What all these women have in common is that they’ve become fixtures in Western institutions in the past few years. Houghton is currently the subject of a show at Australia’s Art Gallery of NSW that finds a parallel for her drawings in the abstractions by Wassily Kandinsky, a much better-known artist. Blavatsky’s name recurs regularly in texts for exhibitions, including the 2018 retrospective for af Klint at New York’s Guggenheim Museum, which became the most well-attended show ever staged there. It turns out you can cram all this art referencing invisible worlds, spectral figures, and more into museum walls, those hallowed settings where art history is made.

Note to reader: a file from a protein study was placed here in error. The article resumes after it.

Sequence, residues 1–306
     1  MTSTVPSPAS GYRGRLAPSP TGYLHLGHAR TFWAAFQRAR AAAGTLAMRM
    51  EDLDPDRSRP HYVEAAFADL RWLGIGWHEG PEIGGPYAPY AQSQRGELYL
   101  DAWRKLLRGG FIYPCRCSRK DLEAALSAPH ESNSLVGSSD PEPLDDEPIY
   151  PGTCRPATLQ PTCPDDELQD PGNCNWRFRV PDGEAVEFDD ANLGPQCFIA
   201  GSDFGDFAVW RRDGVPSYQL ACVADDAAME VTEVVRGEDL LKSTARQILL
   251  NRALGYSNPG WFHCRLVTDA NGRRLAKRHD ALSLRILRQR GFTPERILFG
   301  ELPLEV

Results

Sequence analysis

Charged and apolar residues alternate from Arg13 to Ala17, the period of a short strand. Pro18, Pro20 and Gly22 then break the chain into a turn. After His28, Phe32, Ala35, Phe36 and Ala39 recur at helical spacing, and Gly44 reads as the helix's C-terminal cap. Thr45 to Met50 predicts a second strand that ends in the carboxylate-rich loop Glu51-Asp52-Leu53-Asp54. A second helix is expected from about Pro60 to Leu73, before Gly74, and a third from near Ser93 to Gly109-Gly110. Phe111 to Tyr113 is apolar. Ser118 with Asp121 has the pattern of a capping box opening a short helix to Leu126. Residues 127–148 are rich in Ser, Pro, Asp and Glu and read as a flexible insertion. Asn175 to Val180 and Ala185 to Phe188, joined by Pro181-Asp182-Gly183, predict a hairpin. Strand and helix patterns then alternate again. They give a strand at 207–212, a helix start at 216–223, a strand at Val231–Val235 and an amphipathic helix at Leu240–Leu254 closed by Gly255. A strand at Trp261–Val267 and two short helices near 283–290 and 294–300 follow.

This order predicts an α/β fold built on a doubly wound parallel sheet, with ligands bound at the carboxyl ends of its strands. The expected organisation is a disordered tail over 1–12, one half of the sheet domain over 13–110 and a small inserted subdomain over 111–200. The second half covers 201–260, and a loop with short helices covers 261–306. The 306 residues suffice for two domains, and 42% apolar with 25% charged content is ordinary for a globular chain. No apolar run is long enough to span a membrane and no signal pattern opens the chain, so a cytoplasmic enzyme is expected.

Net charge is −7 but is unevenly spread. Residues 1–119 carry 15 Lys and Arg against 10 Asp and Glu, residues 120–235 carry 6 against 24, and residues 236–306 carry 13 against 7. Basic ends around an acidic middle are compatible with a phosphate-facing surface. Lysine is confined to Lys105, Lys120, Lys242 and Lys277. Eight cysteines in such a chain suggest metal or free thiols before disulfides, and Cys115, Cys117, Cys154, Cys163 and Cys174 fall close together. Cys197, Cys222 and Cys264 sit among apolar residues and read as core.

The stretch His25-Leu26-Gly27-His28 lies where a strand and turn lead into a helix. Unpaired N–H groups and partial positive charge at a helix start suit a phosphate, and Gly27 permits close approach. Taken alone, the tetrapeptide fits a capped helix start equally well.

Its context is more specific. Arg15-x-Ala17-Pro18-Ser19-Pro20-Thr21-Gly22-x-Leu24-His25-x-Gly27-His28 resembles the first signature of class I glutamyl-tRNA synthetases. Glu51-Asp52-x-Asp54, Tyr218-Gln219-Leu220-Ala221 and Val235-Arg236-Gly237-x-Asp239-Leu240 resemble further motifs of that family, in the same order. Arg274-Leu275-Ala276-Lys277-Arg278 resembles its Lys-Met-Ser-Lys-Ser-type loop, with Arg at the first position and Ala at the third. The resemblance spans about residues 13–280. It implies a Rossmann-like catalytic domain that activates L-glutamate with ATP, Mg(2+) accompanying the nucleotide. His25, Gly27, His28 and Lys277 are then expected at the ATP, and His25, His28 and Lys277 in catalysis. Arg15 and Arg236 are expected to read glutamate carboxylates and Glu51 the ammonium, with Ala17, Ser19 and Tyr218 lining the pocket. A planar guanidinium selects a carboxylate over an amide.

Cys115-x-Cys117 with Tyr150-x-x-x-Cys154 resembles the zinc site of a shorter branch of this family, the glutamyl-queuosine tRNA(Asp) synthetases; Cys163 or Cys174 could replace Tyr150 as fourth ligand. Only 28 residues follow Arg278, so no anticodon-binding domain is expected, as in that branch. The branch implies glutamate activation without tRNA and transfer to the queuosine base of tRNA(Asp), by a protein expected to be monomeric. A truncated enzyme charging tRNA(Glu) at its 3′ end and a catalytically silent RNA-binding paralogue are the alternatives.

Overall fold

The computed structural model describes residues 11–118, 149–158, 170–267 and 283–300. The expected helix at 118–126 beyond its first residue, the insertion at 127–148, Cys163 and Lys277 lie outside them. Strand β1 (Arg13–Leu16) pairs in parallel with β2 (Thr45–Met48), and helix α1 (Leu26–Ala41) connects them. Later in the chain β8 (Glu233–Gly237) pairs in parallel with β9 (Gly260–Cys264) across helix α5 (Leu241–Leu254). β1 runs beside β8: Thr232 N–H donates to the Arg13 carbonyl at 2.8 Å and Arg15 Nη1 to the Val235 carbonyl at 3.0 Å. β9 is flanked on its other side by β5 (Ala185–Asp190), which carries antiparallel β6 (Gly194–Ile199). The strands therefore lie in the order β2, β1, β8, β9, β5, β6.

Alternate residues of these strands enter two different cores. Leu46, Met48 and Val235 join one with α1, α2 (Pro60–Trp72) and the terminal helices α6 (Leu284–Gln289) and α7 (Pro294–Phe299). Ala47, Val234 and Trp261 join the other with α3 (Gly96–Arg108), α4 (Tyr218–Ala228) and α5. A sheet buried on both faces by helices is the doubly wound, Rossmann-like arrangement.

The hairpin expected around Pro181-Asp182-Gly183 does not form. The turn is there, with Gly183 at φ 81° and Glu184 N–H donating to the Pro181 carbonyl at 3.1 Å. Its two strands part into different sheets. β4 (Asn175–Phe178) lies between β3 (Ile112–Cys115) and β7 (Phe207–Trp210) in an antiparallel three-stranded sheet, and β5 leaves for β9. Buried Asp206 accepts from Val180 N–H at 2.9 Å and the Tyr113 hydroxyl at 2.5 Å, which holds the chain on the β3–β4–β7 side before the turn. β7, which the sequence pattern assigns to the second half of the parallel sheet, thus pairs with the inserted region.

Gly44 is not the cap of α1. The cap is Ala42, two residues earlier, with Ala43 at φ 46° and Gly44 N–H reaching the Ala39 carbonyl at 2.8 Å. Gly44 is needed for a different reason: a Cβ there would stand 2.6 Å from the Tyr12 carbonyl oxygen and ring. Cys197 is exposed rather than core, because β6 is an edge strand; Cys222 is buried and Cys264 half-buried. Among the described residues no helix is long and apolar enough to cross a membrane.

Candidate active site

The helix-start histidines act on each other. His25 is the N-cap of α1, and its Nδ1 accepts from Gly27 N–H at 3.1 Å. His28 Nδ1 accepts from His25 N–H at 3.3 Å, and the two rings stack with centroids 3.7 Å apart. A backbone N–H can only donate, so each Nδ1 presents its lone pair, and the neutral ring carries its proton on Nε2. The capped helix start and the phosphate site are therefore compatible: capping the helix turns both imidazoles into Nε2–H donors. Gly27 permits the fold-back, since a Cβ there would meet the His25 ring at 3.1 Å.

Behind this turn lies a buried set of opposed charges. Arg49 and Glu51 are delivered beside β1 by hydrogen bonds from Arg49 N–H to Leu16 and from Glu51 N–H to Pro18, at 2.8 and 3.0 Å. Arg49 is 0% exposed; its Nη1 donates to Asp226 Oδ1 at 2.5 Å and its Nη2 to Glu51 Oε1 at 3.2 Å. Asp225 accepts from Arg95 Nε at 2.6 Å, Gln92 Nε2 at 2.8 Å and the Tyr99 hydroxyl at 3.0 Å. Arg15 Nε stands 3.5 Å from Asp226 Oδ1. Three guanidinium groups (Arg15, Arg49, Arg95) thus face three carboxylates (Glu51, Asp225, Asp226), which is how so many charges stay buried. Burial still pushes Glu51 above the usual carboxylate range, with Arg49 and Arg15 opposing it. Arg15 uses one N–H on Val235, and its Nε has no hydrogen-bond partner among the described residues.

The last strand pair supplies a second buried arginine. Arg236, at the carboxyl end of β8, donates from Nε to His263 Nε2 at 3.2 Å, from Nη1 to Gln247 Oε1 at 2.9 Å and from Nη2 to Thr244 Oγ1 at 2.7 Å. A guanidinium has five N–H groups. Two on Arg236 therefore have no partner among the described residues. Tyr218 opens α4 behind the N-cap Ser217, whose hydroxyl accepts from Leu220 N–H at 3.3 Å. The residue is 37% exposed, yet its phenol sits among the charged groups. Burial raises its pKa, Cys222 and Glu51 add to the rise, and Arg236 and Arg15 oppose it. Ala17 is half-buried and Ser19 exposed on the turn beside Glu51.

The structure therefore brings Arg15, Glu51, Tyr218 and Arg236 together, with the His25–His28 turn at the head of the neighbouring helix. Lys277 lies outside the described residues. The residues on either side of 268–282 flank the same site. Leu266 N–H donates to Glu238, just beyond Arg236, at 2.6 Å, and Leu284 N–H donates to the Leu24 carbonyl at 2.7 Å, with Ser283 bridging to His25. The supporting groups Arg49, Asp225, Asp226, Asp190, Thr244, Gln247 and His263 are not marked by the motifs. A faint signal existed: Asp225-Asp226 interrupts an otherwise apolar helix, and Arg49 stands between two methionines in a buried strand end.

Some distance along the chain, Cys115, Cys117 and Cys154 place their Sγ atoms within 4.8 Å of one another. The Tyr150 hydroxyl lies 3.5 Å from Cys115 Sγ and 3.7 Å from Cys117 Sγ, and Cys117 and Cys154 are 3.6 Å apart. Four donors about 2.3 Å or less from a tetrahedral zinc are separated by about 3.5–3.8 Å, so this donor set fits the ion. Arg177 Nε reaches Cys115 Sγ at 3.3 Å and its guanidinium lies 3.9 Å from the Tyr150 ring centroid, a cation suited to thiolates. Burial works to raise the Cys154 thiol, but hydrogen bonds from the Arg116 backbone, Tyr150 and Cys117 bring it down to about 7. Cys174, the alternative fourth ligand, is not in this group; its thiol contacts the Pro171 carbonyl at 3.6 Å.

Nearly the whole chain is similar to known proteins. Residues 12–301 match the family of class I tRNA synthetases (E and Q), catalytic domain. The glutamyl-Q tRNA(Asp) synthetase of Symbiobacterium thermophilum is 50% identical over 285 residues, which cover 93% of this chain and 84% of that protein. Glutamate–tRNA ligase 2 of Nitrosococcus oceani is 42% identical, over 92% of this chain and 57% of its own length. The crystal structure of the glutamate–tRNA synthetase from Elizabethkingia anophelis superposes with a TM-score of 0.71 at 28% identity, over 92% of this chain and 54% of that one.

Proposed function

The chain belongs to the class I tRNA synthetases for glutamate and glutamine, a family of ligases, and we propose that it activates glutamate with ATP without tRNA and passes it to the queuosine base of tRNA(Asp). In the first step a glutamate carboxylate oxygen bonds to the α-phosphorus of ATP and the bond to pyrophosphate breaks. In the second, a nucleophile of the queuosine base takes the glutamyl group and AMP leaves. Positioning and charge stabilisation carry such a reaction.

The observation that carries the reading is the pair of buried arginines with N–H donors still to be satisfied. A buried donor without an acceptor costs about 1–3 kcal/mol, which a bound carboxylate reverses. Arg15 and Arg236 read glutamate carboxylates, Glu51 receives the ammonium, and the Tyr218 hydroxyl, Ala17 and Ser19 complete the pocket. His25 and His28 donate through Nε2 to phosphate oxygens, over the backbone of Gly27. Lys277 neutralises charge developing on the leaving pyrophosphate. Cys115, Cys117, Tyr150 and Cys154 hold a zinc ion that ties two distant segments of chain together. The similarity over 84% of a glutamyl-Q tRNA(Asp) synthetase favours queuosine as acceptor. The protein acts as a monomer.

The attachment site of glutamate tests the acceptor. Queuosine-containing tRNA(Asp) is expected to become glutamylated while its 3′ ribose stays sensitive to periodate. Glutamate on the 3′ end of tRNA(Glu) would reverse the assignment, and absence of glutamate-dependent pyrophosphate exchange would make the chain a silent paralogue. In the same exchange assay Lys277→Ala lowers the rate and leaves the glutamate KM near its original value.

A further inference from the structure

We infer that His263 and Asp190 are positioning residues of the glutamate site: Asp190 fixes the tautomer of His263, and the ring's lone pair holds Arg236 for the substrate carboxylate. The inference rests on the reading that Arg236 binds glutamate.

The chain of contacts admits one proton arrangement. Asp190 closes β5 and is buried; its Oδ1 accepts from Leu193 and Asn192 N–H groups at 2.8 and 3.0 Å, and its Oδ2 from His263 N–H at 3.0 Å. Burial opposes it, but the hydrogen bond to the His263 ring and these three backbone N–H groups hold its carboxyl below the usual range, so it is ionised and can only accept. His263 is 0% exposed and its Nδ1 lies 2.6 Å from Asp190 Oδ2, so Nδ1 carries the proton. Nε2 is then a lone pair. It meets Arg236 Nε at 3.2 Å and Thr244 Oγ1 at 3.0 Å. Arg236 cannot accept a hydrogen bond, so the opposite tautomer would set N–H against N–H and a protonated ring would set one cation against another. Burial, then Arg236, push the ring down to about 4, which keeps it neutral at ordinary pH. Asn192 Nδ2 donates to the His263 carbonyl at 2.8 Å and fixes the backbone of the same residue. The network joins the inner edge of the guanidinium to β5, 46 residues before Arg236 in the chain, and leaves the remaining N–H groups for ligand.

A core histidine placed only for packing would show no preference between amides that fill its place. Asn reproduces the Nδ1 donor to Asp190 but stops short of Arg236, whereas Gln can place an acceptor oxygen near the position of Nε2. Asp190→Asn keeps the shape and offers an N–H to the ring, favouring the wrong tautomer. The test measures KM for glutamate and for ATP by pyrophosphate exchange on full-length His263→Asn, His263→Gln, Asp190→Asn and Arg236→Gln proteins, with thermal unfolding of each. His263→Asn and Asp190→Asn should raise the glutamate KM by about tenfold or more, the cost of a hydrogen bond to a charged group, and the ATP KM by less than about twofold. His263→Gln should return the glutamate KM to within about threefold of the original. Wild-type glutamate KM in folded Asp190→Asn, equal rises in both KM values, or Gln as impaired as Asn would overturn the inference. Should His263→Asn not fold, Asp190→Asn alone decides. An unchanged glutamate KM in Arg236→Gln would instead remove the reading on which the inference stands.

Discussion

Is there any way to free these women from the deadening force of the canon? Higgie makes a valiant attempt by writing something that is not necessarily a history. The Other Side broadly has a chronological structure, but it does not always move from Point A to Point B, as a textbook might. Partly, that is an attempt to reflect the very nature of this art itself, which, as Higgie points out, resists rationality and scientific study. {read}